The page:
Phase II of the master plan, completed in 2008 at a cost of $27.4 million, involved the renovation and widening of the west lower concourse, renovations to the Peyton Manning Locker Complex and the concourse connecting it with Shields-Watkins Field, and the construction of the Lauricella Center for Letter Winners and the Stokely Family Media Room.[18] The Lauricella Center for Letter Winners, named for Vol All American running back Hank Lauricella, sits adjacent to the locker complex, and provides a gathering area for athletes, coaches, and their family members. The Stokely Family Media Room provides a setting for press conferences and coach and player interviews.[18]

Phase III of the master plan, completed in 2010 at a cost of $83 million, included the construction of the West Club Seats, improvements to the Executive Suites and press box, renovations to the west top level concourse, the addition of elevators and stairwells to the West Side, the creation of the Gate 21 Plaza and other entry plazas, the construction of the Tennessee Terrace, and the installation of a statue of General Neyland, created by sculptor Blair Buswell, to the west entrance.[5] The West Club Seats are similar to the East Club Seats, with 422 seats and an adjoining club room. The Tennessee Terrace features 1,782 priority seats, with an adjacent climate-controlled concourse area, overlooking the west sideline.[19]

Phases IV and V will involve renovation of the south and east concourses and the creation of an entry plaza at Gate 10.[20]

Shields-Watkins Field

From 1921 to the end of the 1967 season the field surface was natural grass. In 1964, the orange-and-white checkerboard end zones were added. This was one of the many changes initiated by new head coach Doug Dickey, who also added the "T" logo to the football helmet and initiated the tradition of the team running onto the field through the "Power T" formed by the Pride of the Southland Band, and moved the Tennessee bench from the east side line to the west side line.

In 1968, coinciding with the addition of the East Upper Deck, Tennessee-Turf (AstroTurf) was installed as the playing surface, in part to provide better drainage following heavy rains. The checkerboard end zones were initially not included as part of the Tennessee-Turf playing surface. End zone designs used through the years on the artificial surface included having TENNESSEE and VOLUNTEERS in orange turf lettering and the end zone green turf. The end zones, as well as the mid-field logo, were unique in that they were separate pieces of contrasting turf rather than painted turf. The artificial surface, as many from this era, was blamed for excessive leg injuries. In 1989, the orange-and-white checkerboard endzone patterns were restored, and an interlocking "UT" was placed at midfield.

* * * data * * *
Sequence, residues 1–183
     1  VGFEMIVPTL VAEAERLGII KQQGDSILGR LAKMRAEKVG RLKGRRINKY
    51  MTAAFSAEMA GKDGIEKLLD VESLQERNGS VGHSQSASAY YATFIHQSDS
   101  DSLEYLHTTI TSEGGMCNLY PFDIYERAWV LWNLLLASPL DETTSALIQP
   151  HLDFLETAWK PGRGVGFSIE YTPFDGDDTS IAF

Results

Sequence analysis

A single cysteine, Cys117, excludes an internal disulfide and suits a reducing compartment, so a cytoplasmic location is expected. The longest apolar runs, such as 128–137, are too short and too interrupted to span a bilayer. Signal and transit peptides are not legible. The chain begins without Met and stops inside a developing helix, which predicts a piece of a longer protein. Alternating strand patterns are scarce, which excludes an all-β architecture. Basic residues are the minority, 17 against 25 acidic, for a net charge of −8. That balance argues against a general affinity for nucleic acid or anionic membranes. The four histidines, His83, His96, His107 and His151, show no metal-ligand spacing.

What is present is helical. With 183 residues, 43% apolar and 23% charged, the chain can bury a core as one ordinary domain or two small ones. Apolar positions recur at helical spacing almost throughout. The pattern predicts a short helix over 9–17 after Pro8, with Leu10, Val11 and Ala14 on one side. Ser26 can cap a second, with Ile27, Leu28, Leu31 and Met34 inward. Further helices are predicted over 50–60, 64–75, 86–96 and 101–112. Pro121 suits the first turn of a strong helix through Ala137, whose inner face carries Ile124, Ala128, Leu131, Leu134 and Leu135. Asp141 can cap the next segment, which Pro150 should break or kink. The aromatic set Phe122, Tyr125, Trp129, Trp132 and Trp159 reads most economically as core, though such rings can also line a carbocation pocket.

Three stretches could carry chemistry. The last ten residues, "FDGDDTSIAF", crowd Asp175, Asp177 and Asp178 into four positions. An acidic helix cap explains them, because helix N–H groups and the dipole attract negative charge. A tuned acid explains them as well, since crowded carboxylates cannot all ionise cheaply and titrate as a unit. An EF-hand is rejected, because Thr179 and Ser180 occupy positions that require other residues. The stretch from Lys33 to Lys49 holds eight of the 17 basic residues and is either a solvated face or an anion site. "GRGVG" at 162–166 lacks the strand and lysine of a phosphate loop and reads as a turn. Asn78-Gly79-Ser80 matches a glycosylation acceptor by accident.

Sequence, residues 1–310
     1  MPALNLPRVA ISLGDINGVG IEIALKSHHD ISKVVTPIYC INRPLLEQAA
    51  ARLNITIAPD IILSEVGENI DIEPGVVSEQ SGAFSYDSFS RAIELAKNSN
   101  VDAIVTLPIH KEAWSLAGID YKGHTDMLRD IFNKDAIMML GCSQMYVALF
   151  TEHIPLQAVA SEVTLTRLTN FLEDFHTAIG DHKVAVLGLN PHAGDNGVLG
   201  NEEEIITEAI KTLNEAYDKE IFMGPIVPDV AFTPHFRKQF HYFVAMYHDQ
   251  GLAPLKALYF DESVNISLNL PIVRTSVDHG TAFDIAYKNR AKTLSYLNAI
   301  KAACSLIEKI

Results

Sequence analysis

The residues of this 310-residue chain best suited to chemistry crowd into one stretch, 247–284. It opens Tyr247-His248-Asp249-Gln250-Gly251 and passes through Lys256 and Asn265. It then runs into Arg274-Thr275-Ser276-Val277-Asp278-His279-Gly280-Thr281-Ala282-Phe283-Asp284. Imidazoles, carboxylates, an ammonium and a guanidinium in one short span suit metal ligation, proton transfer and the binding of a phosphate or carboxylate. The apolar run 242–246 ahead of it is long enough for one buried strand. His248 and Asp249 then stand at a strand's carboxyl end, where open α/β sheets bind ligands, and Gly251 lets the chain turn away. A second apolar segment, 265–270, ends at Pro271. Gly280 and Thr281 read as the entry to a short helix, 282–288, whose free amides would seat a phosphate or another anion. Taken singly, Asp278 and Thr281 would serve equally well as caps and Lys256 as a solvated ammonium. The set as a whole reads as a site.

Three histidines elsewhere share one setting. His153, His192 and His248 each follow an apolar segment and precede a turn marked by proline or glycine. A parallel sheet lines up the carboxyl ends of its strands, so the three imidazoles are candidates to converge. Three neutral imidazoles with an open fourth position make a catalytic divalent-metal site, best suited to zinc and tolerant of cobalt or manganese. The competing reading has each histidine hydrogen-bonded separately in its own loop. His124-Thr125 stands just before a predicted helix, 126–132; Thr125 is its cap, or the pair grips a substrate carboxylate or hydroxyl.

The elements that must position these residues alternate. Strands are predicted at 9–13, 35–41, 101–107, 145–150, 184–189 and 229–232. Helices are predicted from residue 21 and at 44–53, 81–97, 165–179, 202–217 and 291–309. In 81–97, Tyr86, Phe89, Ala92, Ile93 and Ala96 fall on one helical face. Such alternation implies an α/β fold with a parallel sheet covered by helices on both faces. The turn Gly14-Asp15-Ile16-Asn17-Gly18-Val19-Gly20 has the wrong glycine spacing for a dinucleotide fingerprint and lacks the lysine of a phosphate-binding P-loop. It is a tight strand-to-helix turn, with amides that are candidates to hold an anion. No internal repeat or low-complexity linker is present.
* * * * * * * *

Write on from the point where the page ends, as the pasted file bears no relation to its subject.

The artificial surface was used through the 1993 season, the last game on the surface being a 62-14 win over Vanderbilt. Afterwards the surface was ripped up and sections were auctioned off to raise funds for the university. The turf was replaced with natural grass the following year, with the checkerboard end zones and midfield logo retained. In 1997, the interlocking 'UT' was replaced with the same Power T logo as seen on the football helmets. In 2007, the entire surface was resodded with Tifway bermudagrass, which rests on a 12-inch bed of sand to enhance drainage.



References and notes

  1. Tennessee Football's Psychological Warfare: The Aura of "Rocky Top". Bleacher Report (2009-08-05). Retrieved on 2012-09-01.
  2. Mattingly, Tom. Mattingly: Stadium once 'forlorn sight'. GoVolsXtra. Retrieved on 2012-09-01.
  3. Consumer Price Index (estimate) 1800–2008. Federal Reserve Bank of Minneapolis. Retrieved December 7, 2010.
  5. 5.0 5.1 5.2 Tennessee Fund - Neyland Stadium Phase III Renovations. Retrieved: 6 September 2011.
  6. 6.00 6.01 6.02 6.03 6.04 6.05 6.06 6.07 6.08 6.09 6.10 6.11 6.12 6.13 6.14 Neyland Stadium / Shields-Watkins Field, Volmanac, 2011. Retrieved: 6 September 2011.
  7. 7.0 7.1 Jim Matheny, "Why Do They Call It That? - Shields-Watkins Field,", 4 November 2011. Retrieved: 15 November 2011.
  8. "Scarabbean Senior Society at the University of Tennessee: It's Origin, Purpose, Methods of Operation, and Achievements," L.R. Hesler, University of Tennessee Libraries, Special Collections, unlisted students affairs box
  9. UT Unveils $107.6 Million In Improvements At Neyland Stadium - 11/09/2004. Retrieved on 2012-09-01.
  10. Sentinel, News. Additions and Renovations Neyland Master Plan. GoVolsXtra. Retrieved on 2012-09-01.
  11. [1]
  12. 12.0 12.1 12.2 UT Sports - Neyland Stadium. Retrieved: 6 September 2011.
  13. Jack Neely, "The World Was Watching," Metro Pulse, 22 May 2000. Retrieved: 7 September 2011.
  14. 1995 NFL Preseason Schedule. Retrieved: 7 September 2011.
  15. "Jamboree Returns to Neyland,", 27 May 2009.